14. Carmen Aina & Francesco Pastore, 2020. "Delayed Graduation and Overeducation in Italy: A Test of the Human Capital Model Versus the Screening Hypothesis," Social Indicators Research: An International and Interdisciplinary Journal for Quality-of-Life Measurement, Springer, vol. 152(2), pages 533-553, November.
    15. repec:oec:stiaaa:2016/2-en is not listed on IDEAS
    16. James J. Heckman & Jora Stixrud & Sergio Urzua, 2006. "The Effects of Cognitive and Noncognitive Abilities on Labor Market Outcomes and Social Behavior," Journal of Labor Economics, University of Chicago Press, vol. 24(3), pages 411-482, July.
    17. Sicherman, Nachum & Galor, Oded, 1990. "A Theory of Career Mobility," Journal of Political Economy, University of Chicago Press, vol. 98(1), pages 169-192, February.
    18. Gaetano Basso, 2019. "The evolution of the occupational structure in Italy in the last decade," Questioni di Economia e Finanza (Occasional Papers) 478, Bank of Italy, Economic Research and International Relations Area.
    19. Christina Boll & Julian Sebastian Leppin & Klaus Schömann, 2016. "Who is overeducated and why? Probit and dynamic mixed multinomial logit analyses of vertical mismatch in East and West Germany," Education Economics, Taylor & Francis Journals, vol. 24(6), pages 639-662, November.
    20. Stijn Baert & Dieter Verhaest, 2019. "Unemployment or Overeducation: Which is a Worse Signal to Employers?," De Economist, Springer, vol. 167(1), pages 1-21, March.
    21. Bonacini, Luca & Gallo, Giovanni & Scicchitano, Sergio, 2021. "Sometimes you cannot make it on your own. How household background influences chances of success in Italy," GLO Discussion Paper Series 832, Global Labor Organization (GLO).
    22. Burks, Stephen V. & Lewis, Connor & Kivi, Paul A. & Wiener, Amanda & Anderson, Jon E. & Götte, Lorenz & DeYoung, Colin G. & Rustichini, Aldo, 2015. "Cognitive skills, personality, and economic preferences in collegiate success," Journal of Economic Behavior & Organization, Elsevier, vol. 115(C), pages 30-44.
    23. David J. Deming, 2017. "The Growing Importance of Social Skills in the Labor Market," The Quarterly Journal of Economics, President and Fellows of Harvard College, vol. 132(4), pages 1593-1640.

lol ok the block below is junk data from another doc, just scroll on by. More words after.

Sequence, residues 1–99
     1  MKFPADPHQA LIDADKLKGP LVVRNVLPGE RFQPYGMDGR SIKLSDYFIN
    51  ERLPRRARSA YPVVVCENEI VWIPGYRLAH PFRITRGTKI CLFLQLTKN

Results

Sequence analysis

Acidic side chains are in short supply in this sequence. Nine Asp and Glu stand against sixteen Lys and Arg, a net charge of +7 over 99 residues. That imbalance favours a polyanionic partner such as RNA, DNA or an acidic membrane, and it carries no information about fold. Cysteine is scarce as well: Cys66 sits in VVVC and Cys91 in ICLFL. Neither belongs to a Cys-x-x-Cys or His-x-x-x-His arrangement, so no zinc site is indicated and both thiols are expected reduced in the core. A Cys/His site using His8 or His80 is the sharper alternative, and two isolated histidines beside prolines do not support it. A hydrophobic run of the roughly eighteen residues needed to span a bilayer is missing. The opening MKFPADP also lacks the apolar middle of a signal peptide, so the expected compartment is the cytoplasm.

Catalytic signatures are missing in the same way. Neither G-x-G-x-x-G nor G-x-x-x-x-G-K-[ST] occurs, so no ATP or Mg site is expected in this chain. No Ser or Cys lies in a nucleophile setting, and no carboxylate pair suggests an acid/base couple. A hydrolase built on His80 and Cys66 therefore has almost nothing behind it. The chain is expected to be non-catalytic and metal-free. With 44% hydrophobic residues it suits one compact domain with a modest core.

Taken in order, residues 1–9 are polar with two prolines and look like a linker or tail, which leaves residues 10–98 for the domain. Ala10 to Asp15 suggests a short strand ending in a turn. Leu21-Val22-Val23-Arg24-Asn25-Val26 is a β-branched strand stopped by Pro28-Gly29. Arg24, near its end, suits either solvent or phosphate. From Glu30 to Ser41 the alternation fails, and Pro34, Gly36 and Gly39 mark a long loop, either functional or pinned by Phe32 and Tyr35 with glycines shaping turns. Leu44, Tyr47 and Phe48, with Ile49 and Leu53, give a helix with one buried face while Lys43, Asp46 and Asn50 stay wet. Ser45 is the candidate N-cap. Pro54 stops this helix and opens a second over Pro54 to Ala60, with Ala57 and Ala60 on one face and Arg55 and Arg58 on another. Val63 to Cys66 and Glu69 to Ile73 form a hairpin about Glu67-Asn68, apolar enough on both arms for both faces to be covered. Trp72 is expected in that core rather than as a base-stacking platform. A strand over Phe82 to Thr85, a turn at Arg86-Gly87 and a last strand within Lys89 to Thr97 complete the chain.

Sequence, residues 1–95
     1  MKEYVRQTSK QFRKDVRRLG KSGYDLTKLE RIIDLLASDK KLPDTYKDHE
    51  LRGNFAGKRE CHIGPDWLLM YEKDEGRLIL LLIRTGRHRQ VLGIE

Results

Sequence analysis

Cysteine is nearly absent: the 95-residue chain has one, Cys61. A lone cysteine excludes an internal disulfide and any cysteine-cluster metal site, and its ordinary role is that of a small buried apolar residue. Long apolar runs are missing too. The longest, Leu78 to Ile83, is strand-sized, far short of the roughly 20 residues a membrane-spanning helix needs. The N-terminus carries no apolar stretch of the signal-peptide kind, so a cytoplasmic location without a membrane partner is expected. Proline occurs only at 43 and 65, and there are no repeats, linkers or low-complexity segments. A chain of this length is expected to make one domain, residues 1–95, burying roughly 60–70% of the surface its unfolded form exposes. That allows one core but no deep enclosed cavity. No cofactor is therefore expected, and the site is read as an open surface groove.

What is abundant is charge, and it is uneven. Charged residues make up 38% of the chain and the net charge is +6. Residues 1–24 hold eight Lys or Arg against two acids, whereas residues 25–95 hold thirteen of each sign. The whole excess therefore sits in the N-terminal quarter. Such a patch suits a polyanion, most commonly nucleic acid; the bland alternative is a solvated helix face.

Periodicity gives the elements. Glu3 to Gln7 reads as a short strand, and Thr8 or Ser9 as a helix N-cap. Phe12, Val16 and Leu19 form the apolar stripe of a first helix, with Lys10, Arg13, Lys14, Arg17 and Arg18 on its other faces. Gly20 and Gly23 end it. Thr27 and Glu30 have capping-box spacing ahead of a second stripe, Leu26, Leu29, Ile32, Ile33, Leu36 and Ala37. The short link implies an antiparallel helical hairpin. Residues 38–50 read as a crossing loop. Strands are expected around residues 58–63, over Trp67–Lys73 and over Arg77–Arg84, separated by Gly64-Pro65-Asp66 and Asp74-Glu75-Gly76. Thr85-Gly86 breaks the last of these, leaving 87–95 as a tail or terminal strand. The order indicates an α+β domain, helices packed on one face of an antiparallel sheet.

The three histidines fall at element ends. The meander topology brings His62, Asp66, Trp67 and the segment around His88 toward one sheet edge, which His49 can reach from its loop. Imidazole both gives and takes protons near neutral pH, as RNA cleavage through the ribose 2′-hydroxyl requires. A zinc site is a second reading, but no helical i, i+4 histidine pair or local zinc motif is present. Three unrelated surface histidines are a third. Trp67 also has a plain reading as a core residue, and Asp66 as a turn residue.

24. Almlund, Mathilde & Duckworth, Angela Lee & Heckman, James & Kautz, Tim, 2011. "Personality Psychology and Economics," Handbook of the Economics of Education, in: Erik Hanushek & Stephen Machin & Ludger Woessmann (ed.), Handbook of the Economics of Education, edition 1, volume 4, chapter 0, pages 1-181, Elsevier.
    25. Golsteyn, Bart H.H. & Magnée, Cécile A.J., 2020. "Does sibling gender affect personality traits?," Economics of Education Review, Elsevier, vol. 77(C).
    26. Pedro Carneiro & Claire Crawford & Alissa Goodman, 2007. "The Impact of Early Cognitive and Non-Cognitive Skills on Later Outcomes," CEE Discussion Papers 0092, Centre for the Economics of Education, LSE.
    27. Robert Wells & Roger Ham & P. N. (Raja) Junankar, 2016. "An examination of personality in occupational outcomes: antagonistic managers, careless workers and extraverted salespeople," Applied Economics, Taylor & Francis Journals, vol. 48(7), pages 636-651, February.
    28. Robert J. Barro, 2001. "Human Capital and Growth," American Economic Review, American Economic Association, vol. 91(2), pages 12-17, May.
    29. Baert, Stijn & Cockx, Bart & Verhaest, Dieter, 2013. "Overeducation at the start of the career: Stepping stone or trap?," Labour Economics, Elsevier, vol. 25(C), pages 123-140.
    30. Floro Ernesto Caroleo & Francesco Pastore, 2018. "Overeducation at a Glance. Determinants and Wage Effects of the Educational Mismatch Based on AlmaLaurea Data," Social Indicators Research: An International and Interdisciplinary Journal for Quality-of-Life Measurement, Springer, vol. 137(3), pages 999-1032, June.
    31. Luca Bonacini & Giovanni Gallo & Sergio Scicchitano, 2021. "Working from home and income inequality: risks of a ‘new normal’ with COVID-19," Journal of Population Economics, Springer;European Society for Population Economics, vol. 34(1), pages 303-360, January.
    32. Nyhus, Ellen K. & Pons, Empar, 2005. "The effects of personality on earnings," Journal of Economic Psychology, Elsevier, vol. 26(3), pages 363-384, June.
    33. Armanda Cetrulo & Valeria Cirillo & Dario Guarascio, 2019. "Weaker jobs, weaker innovation. Exploring the effects of temporary employment on new products," Applied Economics, Taylor & Francis Journals, vol. 51(59), pages 6350-6375, December.
    34. Gabriella Conti & James Heckman & Sergio Urzua, 2010. "The Education-Health Gradient," American Economic Review, American Economic Association, vol. 100(2), pages 234-238, May.